With or without diabetes, all teenagers develop differently.
The teenage years are a time of physical, mental, and emotional growth.
It has long been known that risk-taking behaviors are a big part of adolescent behavior.
They are searching for their place in the world and working at becoming independent.
Part of adolescents’ make-up is that they don’t think bad things will happen to them, and they also have difficulty delaying gratification.
Alcohol consumption, tobacco use, other drug use, unprotected sex, and other risky behaviors are common among teens today.
When it comes to diabetes care, skipping blood glucose monitoring or insulin injections may be a way of testing the limits, or it may reflect a teen’s inability to consider the potential consequences of these actions when he’s preoccupied by something else.
Diabetes management needs a degree of responsibility and behavioural control that is not typical in many adolescents.
The daily demands of the disease have an impact on the personal and public lives of these teens.
It affects important developmental stages including independence, body image, identity, sexuality, responsibility, and self-esteem.
Once teenagers can start to reason and think about their future, they will understand the implications of diabetes and its management.
There are many factors such as peer pressure, parties and other social events, part-time jobs, and a busy life in general that may interfere with the teen’s ability to translate this new awareness into good self-care.
Adolescents with diabetes have trouble making their diabetes a priority in their lives.
It is not that they don’t care about it, but they tend to care more about other things, such as fitting in with their friends, not being noticed for having diabetes, and not being different from their peers.
They usually do not want parents, friends, and teachers to focus on their diabetes, and when there is focus on it they can be easily embarrassed.
For teens whose diabetes is not in control, it can help to obtain HbA1c tests more frequently than every three months (the usual recommendation).
A rising HbA1c can alert parents and teens to the need for action, while a decreasing HbA1c shows that diabetes control is improving and provides motivation to keep up the effort.
Depression is often the reason that a teen quits caring for himself.
A teen who is depressed may or may not have other symptoms of depression such as crying, anger, and changes in appetite or sleep habits, but a teen who quits taking insulin and quits caring for his diabetes is sending a clear message that he needs help.
It may not be diabetes causing his depression, but diabetes care suffers because of it.
Some adolescents, especially girls, omit insulin doses as a way to control their weight.
This is a very dangerous practice that can lead to serious health problems.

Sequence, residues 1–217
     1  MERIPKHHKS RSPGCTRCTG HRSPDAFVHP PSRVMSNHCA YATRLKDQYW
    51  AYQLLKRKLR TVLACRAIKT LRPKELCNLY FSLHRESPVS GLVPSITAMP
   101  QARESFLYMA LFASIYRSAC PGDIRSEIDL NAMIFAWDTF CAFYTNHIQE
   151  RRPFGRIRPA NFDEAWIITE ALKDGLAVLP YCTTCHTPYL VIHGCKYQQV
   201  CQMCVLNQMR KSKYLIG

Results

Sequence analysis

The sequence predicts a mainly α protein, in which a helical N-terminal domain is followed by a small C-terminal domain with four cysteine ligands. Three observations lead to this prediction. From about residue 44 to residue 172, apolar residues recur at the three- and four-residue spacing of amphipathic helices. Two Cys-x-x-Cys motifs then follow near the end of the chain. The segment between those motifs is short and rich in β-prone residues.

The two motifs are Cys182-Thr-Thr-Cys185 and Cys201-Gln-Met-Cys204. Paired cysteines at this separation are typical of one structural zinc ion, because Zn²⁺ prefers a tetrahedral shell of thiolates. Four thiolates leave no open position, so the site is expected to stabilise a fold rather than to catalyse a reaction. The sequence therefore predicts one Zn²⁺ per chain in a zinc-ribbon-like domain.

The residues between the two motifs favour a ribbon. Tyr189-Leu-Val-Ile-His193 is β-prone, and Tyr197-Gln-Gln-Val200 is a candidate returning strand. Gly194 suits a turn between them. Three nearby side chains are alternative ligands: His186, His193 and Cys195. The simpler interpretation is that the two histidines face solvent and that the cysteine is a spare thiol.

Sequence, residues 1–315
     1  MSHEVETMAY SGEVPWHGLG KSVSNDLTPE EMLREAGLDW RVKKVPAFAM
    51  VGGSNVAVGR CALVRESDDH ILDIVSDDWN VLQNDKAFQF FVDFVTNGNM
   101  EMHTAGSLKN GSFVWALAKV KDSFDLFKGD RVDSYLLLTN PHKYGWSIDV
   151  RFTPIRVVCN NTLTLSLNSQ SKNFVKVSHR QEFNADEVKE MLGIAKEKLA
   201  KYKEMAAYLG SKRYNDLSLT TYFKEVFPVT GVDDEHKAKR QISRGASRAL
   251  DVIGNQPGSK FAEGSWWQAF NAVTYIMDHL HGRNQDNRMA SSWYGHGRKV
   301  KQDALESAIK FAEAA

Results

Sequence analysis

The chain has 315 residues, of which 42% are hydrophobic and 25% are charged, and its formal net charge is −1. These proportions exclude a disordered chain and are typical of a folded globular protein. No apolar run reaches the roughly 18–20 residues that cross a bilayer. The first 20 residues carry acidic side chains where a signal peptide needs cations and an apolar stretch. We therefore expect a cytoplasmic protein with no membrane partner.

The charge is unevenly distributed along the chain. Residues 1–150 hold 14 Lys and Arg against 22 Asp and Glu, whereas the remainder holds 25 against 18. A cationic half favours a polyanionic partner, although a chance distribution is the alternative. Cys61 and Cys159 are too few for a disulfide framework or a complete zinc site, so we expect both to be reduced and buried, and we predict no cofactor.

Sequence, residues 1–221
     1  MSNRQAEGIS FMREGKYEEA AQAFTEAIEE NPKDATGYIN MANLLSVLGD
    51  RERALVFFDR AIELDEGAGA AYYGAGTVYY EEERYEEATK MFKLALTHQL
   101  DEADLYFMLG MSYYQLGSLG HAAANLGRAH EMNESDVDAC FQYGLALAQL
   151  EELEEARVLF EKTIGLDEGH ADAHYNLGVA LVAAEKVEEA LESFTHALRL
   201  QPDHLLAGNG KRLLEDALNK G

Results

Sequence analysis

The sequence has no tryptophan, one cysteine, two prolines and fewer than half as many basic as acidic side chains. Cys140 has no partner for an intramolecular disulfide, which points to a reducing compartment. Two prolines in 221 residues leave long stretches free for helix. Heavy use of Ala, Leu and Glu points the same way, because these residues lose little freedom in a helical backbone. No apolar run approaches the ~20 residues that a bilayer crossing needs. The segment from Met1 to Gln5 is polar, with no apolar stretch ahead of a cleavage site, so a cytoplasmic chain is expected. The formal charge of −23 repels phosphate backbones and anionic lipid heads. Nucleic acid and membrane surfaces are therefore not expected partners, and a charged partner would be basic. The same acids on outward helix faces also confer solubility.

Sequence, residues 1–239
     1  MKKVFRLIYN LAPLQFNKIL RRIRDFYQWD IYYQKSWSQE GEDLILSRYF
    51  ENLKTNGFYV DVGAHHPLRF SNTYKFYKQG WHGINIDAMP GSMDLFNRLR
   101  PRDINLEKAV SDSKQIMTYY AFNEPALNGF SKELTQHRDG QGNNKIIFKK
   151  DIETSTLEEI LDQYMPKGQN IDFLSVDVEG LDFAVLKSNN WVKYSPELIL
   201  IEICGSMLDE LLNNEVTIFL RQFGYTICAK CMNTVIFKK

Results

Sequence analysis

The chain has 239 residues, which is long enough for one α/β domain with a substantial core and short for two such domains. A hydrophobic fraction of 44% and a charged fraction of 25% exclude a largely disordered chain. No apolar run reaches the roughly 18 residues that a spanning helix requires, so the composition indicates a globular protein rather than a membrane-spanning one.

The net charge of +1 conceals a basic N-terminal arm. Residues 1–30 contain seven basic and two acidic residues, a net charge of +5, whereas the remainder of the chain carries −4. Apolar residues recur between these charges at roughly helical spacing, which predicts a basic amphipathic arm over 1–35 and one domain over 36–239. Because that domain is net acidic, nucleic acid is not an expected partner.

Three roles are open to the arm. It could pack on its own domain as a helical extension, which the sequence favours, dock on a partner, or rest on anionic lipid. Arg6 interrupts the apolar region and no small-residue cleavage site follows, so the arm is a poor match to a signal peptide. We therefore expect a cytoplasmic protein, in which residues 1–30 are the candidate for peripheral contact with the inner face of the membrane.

Like girls who have eating disorders, however, teens who are omitting insulin are often reluctant to admit it.
Be supportive – not judgmental. How you talk with your teen is as important as what you actually say.
Acknowledge that dealing with diabetes day to day is a hassle but be firm about taking care of the daily testing and injecting tasks.
Be positive to build your teen’s confidence. Use affirming statements whenever possible.
Encourage decision-making skills. Ask your teen how they would handle specific situations. Let them answer and support appropriate answers.
Take time on a regular basis to go over your teen’s diabetes information, review her logbook and make a plan of action with her.
Many teens and parents are not clear on who should do what tasks.
For example, parents may assume that their teen is recording blood glucose results, insulin doses, etc. only to find out at the diabetes visit that no records were kept for the previous months.
It is key to clarify expectations before problems occur.
Avoid placing blame on your teen when you did not know what was actually happening .
Diabetes management is a heavy burden to carry alone.
Teens should be encouraged to develop their own relationships with members of their diabetes team.
A strong relationship between your teen and his/her doctor, diabetes educator, or dietitian is critical, both to the health-care provider’s ability to evaluate and motivate your teen, and to your teen’s ability to communicate with the health-care provider.
Let your teen have private time with the doctor or nurse at each clinic visit.
It’s natural for parents to want to stay informed, discuss issues, and be part of developing the plan for the next phase.
However, teens should be able to expect confidentiality in certain aspects of their health care.
A positive attitude will go a long way to helping your teen manage his/her diabetes.
It is normal for young people with diabetes to feel overwhelmed at times or to feel like no one understands them.
Their diabetes health care team is there to help them.
Their diabetes team might even be able to put the teen in touch with others the same age who have diabetes and who understand just how they are feeling.
Giving teens the tools they need to manage their diabetes can be an important step for them to transition to full independence regarding their diabetes care and feel fully confident once they move out of the family home.
Helping Adolescents Manage Diabetes
The health care professional team, in partnership with the young person with diabetes and parents or other caregivers, needs to develop a personal diabetes management plan and daily schedule.
The plan helps the teen to follow a healthy meal plan, get regular physical activity, check blood glucose levels, take insulin or oral medication as prescribed, and manage hyperglycemia and hypoglycemia.
Emotional and Behavioral Issues Of Young People With Diabetes
Diabetes presents unique issues for young people with the disease. Simple things, such as going to a birthday party, playing sports, or staying overnight with friends, need careful planning.